Day One: Ash Wednesday

Joel 2:1–2, 12–17 The Trumpet Sounds

A trumpet blows at the beginning and again near the end of this passage. It blows in the midst of the believers, like reveille awaking an army. The trumpet blows, and we are alerted to the fact that judgment is coming and that we should tremble. The trumpet blows a second time, calling us to solemn assembly and weeping.

Between the two bugle calls life happens, both its trembling and its hope. We all know days of darkness and thick clouds. We all know the feeling that overpowering armies are upon us and continue to advance over the horizon. “ ‘Yet even now,’ says the Lord, ‘return to me with all your heart, with fasting, with weeping, and with mourning; rend your hearts and not your clothing.’ ” (v 12). The prophet Joel immediately encourages us toward God’s mercy, “Return to the Lord, your God, for he is gracious and merciful, slow to anger, and abounding in steadfast love, and relents from punishing. Who knows?” (v 13), asks Joel, perhaps the Lord will turn from punishing and “leave a blessing behind” instead.

God’s loving call is “Return to me.”

The scripture between the trumpets tries to describe the consequences of turning away from God, but Joel finally grows weary of painting the gloomy scene and simply asks, “Who can endure it?” (v. 11) God and Joel know the question is rhetorical. No one can endure it. Arguments too small often emerge here. Are we to give up something for Lent, or are we to add some new righteous activity to our busy routines and schedules? The call is to return. What will it require of us? Simply adding or subtracting for a season is an attempt to avoid the weeping and mourning that come with the realization that a turning is needed; a much deeper response.

Lent is a time of responding to God’s call, “Return to me.” At great cost, God steps into our struggle and calls us. We listen to the call and engage once again in a struggle of the soul. It is a dark time, a storm stirred by the clash of judgment and hope.

“Why should it be said among the peoples, ‘Where is their God?’ ” (v.17). Joel asks the question of God and of us. We can drift so far away that God doesn’t seem to be in the picture with us. It seems to us and to those around us that God has walked away from us. In like manner, God’s judgment rained down on professed believers can cause observers to ask, “Where is their God?”… That is to say, the loving and merciful God. We, too, have asked, “Where is our God?” Jesus cried out on the cross, “My God, my God, why have you forsaken me?” All humans know the feeling; all humans know the isolation of the “day of darkness and gloom.”

Somehow, weeping is key. The first trumpet blows and there is weeping that wells up from fear and hopelessness, from sins that will not cease to haunt us. Then the second trumpet blows and our tears are spawned by the hope found in two little words, “what if?” What if God should relent from the punishment we deserve and bless us instead? Fresh tears come, although not as stinging as the earlier flow. But the tears of our returning must come. They must come from the priests and the people. The call, “return to me,” is directed toward priests and people and systems and structures.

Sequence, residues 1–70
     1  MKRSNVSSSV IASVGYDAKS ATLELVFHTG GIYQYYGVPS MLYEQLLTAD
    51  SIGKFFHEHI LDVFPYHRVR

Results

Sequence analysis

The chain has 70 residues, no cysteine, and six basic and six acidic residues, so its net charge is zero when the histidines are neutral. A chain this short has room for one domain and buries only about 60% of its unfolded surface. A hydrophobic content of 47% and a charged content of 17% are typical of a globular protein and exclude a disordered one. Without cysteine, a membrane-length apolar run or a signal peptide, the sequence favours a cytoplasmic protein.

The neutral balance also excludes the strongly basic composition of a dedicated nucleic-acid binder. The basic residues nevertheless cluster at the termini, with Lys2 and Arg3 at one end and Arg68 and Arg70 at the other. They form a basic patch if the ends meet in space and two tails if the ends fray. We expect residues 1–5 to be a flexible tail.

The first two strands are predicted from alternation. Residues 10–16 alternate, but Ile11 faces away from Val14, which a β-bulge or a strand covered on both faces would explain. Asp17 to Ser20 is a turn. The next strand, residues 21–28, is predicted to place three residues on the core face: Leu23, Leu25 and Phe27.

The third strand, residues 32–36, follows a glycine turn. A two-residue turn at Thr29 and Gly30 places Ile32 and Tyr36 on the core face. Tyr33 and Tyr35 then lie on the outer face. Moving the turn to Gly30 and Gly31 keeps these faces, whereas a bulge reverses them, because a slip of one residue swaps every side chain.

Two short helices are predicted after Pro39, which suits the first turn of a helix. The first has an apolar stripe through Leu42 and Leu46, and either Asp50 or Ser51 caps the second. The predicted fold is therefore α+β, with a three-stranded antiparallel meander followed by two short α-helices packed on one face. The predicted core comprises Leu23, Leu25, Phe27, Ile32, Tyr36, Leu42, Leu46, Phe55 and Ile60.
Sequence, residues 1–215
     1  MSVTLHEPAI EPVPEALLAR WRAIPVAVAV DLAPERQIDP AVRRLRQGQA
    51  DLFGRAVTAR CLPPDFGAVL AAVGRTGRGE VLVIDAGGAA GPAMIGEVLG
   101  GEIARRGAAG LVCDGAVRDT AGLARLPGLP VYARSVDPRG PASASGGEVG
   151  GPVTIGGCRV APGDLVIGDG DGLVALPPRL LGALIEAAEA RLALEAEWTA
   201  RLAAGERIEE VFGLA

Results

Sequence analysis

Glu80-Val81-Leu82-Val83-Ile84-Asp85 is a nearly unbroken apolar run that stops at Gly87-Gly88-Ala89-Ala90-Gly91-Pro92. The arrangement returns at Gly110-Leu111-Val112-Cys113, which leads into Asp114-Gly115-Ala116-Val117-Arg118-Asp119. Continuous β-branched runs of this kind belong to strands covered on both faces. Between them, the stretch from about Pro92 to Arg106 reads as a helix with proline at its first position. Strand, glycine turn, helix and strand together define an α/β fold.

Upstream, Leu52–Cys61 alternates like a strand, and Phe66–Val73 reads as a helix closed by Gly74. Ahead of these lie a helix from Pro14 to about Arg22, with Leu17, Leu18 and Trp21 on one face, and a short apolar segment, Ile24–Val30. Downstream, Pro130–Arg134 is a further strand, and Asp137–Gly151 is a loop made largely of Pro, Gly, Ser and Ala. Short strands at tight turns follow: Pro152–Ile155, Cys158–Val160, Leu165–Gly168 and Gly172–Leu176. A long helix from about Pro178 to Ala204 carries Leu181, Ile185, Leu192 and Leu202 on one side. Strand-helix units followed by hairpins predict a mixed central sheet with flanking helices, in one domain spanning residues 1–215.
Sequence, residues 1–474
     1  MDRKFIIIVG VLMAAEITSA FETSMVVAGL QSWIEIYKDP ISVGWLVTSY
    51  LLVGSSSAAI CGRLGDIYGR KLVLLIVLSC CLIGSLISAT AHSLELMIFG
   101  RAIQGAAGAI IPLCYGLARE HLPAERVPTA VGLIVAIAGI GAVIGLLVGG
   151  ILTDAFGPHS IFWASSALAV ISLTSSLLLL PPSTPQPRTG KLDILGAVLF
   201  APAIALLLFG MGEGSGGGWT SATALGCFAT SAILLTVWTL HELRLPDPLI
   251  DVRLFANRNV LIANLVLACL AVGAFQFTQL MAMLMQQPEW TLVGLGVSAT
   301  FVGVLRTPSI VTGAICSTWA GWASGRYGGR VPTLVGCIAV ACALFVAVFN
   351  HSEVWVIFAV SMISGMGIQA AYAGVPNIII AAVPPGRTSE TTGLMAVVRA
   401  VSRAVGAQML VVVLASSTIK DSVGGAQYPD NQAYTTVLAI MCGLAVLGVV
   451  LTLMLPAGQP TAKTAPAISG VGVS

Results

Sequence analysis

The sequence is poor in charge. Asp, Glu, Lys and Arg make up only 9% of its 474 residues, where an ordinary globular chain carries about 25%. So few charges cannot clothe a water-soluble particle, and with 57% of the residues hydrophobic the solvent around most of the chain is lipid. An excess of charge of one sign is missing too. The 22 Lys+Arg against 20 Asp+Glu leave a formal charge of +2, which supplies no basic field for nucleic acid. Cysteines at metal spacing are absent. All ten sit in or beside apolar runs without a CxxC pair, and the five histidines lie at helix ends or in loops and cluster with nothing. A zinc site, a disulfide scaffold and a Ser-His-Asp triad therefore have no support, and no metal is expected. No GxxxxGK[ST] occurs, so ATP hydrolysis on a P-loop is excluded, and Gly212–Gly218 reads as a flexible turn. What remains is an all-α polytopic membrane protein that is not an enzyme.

The season of Lent sounds a terrible trumpet, a harsh and revealing trumpet. Hear its call and weep. Know the truth of its sounding. Hear its call and turn. Lord, help us to listen, accept, and see the truth; help us to return to you so that we might again rejoice in the sound of the trumpet.



A word about the series

The Lenten season has always inspired many people to create everything from poems, art and music to a completely new direction in their lives.  This Lenten season Tabernacle will be exploring many of those creations in the hope of inspiring you to compose in a medium that is natural for you.   The paintings in the Sanctuary are of the Biblical Stations of the Cross.  The artist, Grieg Leach, completed them in 2010.  They will help us to visualize the events leading to the crucifixion of Jesus.  In addition to the paintings there is a Lenten devotional booklet, Return to Me, which is available in print or online.  The Stations of the Cross also inspired these devotions, written by Terry York of Baylor University.   Living with these two bodies of artistic expression based on the Biblical Stations of the Cross throughout the season of Lent should help us as we seek to return our lives to God by walking with Jesus though his final days.

Pray, read, think and return to God.

One thought on “Lenten Devotion: Day One, 2.13.13

  1. I just found this today… thank you for posting the daily devotionals; I am anxious to catch up to date. What a challenge and a hope, may this be our prayer as a community to return to God with all of our hearts in this season and daily.

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